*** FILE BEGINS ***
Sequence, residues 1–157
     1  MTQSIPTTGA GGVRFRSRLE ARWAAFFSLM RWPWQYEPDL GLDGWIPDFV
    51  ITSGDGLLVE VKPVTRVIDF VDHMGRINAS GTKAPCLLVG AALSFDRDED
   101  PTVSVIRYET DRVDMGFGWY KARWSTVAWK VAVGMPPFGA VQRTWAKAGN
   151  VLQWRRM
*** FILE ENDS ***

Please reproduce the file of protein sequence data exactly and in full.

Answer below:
Sequence, residues 1–157
     1  MTQSIPTTGA GGVRFRSRLE ARWAAFFSLM RWPWQYEPDL GLDGWIPDFV
    51  ITSGDGLLVE VKPVTRVIDF VDHMGRINAS GTKAPCLLVG AALSFDRDED
   101  PTVSVIRYET DRVDMGFGWY KARWSTVAWK VAVGMPPFGA VQRTWAKAGN
   151  VLQWRRM